Mayor Seeks End of LMDC, More Control of Ground Zero
This article is from the archive of The New York Sun before the launch of its new website in 2022. The Sun has neither altered nor updated such articles but will seek to correct any errors, mis-categorizations or other problems introduced during transfer.
Seeking more control over the future of ground zero, Mayor Bloomberg is calling on Governor Paterson to dismantle a federally funded agency in charge of the project and turn over its development responsibilities to the city.
Bemoaning the slow progress on the redevelopment of the World Trade Center site, Mr. Bloomberg said yesterday that getting rid of the agency run by the city and state, the Lower Manhattan Development Corp., would remove one more layer of bureaucracy and help speed up the work at the site of the terrorist attacks of September 11, 2001.
“It’s just another level of checks and balances and bureaucracy that you don’t need,” he said after a press conference in Lower Manhattan yesterday. “When you have too many levels that doesn’t mean any one is wrong. It just means that the cumulative effect of all of it is delaying things.”
His comments followed the publication of an opinion piece he wrote about ground zero that appeared in yesterday’s Wall Street Journal. In the article, Mr. Bloomberg said the city would begin pushing the Port Authority of New York and New Jersey, which owns ground zero, to commit to finishing the September 11 memorial before the 10th anniversary of the attacks.
He also insisted in the article that the underground hall below the Path station planned for the site be scaled back, writing that it “is too complicated to build and threatens to delay the memorial and the entire project.”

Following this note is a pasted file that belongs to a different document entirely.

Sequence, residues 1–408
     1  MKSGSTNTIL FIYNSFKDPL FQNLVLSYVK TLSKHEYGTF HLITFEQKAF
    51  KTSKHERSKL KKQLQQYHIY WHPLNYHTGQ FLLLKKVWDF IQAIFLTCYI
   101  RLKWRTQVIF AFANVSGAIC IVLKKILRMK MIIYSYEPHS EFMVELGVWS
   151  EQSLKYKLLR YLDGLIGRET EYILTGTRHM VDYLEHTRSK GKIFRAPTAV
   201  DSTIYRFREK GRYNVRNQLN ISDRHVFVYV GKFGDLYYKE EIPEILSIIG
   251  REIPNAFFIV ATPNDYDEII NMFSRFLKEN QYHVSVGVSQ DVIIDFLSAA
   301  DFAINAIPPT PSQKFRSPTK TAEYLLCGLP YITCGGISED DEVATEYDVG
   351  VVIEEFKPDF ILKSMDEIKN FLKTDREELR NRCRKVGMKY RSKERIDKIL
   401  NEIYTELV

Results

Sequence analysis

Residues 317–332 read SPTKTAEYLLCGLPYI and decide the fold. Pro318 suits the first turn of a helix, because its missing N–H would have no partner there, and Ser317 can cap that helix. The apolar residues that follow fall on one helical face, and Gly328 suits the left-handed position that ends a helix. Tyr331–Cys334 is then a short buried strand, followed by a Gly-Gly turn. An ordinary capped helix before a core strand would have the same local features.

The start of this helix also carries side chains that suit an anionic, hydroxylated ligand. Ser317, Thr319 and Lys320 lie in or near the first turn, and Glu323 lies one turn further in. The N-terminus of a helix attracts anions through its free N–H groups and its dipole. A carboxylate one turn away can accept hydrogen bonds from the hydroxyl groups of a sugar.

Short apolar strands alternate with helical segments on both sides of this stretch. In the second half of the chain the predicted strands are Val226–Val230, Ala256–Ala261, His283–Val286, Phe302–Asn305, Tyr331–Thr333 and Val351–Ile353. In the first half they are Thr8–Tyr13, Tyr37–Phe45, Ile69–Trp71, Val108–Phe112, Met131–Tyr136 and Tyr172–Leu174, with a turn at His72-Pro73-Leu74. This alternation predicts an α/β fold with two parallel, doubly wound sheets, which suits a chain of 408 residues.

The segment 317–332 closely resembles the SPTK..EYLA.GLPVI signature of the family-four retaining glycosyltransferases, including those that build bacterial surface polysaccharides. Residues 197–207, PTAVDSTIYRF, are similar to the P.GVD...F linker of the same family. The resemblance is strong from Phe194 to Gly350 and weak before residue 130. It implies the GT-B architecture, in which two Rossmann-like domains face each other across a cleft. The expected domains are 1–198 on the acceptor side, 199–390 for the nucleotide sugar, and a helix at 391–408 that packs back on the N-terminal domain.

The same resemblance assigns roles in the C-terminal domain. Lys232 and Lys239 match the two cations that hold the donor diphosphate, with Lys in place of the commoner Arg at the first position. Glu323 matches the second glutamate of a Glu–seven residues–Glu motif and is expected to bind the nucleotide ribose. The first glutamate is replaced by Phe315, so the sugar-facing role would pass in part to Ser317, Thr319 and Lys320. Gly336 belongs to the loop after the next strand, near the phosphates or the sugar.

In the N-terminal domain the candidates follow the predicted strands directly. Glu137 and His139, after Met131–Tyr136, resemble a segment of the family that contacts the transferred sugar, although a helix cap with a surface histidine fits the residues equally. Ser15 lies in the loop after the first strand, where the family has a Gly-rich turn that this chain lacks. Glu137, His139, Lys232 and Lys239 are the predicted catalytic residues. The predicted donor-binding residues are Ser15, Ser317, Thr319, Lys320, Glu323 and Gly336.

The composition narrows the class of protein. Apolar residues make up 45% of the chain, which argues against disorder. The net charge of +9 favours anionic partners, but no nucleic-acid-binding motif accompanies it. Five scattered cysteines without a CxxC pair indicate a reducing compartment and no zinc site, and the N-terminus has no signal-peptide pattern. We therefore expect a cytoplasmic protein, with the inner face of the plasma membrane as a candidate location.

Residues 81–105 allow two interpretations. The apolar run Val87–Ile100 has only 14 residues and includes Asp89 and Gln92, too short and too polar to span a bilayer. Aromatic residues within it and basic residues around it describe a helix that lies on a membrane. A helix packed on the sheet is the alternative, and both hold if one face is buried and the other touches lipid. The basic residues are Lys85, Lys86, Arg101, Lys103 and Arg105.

Mr. Bloomberg said he wants the LMDC to turn over its responsibility for demolishing the Deutsche Bank building, in which two firefighters were killed last summer, to another city-state agency, the Lower Manhattan Construction Command Center.
The speaker of the Assembly, Sheldon Silver, who represents Lower Manhattan, said he is opposed to the mayor’s plan to dismantle the LMDC, making it the latest policy issue over which the two have sparred since the mayor’s congestion pricing proposal failed in Albany.
A spokesman for Mr. Silver, Dan Weiller, said the speaker wants to keep an agency in place “that is responsible for coordinating efforts of city, state, and federal agencies and that has representation on its board from both the city and the state.”
Mr. Paterson did not rule out the mayor’s proposal yesterday but also did not endorse it. In a statement, he said that while he and the mayor “share a sense of disappointment and frustration at the unacceptable pace of the Ground Zero rebuilding,” he has asked the Port Authority to conduct a review of the project, which he said he would receive later this month.
A spokesman for the Port Authority, Steve Coleman, said in a statement: “The point of the report we are doing is to make decisions on exactly these tough issues and move on to getting every project on the site completed as quickly as possible.”
A spokesman for the LMDC declined to comment on the article yesterday.